Discussion paper

DP18214 Fisher Effects, Monetary Policy, and Household Indebtedness

Growth in household debt-to-income ratios can be attributed to nominal debt changes or “Fisher effects” from interest income and expenses, real income growth, and inflation. With microdata covering the universe of Norwegian households for more than 20 years, we decompose the importance of these channels for how debt-to-income ratios evolve over time and respond to monetary policy shocks. On average, debt changes outsize Fisher effects, but among highly leveraged households Fisher effects dominate. After interest rate hikes, debt changes and Fisher effects pull in opposite directions. The former dominate so that debt-to-income ratios fall. This pattern holds across sub-groups, including highly indebted households, recent movers, households facing liquidity constraints, and households facing high unemployment risk.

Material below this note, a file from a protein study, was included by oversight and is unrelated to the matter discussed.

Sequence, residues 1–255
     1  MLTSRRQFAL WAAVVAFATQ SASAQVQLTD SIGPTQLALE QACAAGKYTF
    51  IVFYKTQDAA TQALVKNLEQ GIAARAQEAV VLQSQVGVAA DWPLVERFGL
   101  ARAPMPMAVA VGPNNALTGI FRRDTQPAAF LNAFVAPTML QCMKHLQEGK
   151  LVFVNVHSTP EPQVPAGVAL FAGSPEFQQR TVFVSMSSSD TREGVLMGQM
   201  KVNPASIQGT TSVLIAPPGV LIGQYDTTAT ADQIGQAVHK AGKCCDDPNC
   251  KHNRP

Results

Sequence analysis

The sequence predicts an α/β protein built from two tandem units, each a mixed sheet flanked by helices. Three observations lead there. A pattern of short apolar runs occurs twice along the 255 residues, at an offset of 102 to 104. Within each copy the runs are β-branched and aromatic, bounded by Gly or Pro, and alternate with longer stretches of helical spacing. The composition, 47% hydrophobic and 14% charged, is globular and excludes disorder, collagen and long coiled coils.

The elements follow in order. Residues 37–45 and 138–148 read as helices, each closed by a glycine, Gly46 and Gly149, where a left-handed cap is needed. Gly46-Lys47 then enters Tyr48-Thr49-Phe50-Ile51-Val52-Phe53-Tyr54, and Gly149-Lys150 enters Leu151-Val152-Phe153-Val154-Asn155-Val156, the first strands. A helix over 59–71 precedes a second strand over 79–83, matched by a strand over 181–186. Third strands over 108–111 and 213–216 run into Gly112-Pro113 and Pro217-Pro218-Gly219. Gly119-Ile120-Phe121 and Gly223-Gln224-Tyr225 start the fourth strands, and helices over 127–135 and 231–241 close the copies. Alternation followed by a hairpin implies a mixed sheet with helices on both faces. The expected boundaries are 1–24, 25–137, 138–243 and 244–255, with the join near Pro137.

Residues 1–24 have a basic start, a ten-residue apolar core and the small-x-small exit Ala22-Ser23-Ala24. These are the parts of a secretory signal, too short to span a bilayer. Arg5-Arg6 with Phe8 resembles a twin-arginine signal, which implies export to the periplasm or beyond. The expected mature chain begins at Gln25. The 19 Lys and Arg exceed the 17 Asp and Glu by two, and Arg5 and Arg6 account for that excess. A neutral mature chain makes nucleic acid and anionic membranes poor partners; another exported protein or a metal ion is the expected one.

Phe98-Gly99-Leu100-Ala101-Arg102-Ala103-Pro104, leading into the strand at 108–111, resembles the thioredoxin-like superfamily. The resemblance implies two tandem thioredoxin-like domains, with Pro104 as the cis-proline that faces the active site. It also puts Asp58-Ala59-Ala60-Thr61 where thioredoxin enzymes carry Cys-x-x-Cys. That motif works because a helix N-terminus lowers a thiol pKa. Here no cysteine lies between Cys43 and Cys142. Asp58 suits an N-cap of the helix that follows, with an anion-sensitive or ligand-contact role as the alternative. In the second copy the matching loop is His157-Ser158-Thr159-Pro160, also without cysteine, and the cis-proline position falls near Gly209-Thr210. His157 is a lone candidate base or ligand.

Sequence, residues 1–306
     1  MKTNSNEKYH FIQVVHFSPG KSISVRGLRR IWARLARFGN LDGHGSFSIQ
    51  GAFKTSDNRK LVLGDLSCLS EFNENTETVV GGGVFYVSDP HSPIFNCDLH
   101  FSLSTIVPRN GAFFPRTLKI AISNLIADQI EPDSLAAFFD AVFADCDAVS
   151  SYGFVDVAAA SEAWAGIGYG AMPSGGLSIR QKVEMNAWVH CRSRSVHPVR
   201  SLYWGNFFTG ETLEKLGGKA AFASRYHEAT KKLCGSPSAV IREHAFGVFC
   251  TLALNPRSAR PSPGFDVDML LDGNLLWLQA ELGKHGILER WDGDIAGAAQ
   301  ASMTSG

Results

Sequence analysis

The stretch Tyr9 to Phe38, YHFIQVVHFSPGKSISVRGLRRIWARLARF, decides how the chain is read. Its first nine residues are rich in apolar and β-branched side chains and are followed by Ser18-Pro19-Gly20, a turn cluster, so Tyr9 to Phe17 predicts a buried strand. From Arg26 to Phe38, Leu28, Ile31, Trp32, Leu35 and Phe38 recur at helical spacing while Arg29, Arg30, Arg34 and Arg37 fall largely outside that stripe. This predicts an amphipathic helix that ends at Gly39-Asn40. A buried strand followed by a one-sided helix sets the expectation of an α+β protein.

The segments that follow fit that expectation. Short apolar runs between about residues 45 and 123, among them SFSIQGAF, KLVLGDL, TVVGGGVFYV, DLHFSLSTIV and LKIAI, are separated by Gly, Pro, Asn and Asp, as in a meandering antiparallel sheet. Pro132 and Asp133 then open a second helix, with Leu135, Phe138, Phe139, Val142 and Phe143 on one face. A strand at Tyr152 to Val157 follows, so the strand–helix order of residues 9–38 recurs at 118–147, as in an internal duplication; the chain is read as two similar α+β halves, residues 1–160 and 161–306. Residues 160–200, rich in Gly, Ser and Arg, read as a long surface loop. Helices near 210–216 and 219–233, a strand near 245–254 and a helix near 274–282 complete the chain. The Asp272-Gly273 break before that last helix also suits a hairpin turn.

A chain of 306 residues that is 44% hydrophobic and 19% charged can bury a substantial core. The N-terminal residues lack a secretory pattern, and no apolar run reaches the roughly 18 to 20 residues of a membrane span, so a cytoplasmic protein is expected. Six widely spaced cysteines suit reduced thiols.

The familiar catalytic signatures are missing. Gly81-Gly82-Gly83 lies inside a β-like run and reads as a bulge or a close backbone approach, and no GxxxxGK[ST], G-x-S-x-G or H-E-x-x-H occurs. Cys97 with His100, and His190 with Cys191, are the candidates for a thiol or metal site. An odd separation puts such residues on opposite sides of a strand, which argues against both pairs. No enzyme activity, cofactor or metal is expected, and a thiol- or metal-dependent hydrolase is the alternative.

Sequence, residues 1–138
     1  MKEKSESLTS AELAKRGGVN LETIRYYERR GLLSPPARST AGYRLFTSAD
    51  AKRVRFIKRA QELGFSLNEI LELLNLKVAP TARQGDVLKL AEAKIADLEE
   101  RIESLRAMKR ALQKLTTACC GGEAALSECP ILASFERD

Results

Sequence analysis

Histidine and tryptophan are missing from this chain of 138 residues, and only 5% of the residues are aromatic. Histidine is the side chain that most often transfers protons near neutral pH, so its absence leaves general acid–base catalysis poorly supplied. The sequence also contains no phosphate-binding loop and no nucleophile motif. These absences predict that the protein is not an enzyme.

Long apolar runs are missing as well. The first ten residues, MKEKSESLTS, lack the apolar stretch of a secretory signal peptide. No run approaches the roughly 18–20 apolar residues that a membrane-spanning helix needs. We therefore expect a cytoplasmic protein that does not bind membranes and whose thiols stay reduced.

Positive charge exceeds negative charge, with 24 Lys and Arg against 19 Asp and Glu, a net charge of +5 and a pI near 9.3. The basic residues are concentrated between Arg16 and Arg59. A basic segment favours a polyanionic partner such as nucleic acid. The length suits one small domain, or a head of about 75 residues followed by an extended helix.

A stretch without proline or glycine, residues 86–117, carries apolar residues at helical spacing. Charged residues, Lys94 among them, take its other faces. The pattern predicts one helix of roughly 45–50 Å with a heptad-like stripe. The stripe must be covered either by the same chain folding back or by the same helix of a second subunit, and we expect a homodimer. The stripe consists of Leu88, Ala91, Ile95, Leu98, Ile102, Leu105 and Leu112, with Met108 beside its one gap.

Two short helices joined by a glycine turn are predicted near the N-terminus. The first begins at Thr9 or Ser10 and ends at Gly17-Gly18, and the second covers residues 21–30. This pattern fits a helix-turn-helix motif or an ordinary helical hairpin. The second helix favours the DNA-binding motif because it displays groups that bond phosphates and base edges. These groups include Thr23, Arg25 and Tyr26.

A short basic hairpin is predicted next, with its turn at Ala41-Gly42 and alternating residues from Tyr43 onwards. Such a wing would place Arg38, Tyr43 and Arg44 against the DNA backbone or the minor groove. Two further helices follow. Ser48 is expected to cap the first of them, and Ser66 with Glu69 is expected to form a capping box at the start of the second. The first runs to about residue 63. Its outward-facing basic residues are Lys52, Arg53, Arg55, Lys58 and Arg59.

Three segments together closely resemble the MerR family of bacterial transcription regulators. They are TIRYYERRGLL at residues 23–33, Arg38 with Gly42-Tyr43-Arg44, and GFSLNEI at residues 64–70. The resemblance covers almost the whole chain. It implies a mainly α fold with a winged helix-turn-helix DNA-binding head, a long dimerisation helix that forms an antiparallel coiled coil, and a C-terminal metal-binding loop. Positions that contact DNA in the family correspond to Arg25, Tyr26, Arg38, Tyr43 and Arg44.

Fagereng, A, M Gulbrandsen, M Blomhoff Holm and G Natvik (2023), ‘DP18214 Fisher Effects, Monetary Policy, and Household Indebtedness‘, CEPR Discussion Paper No. 18214. CEPR Press, Paris & London. https://cepr.org/publications/dp18214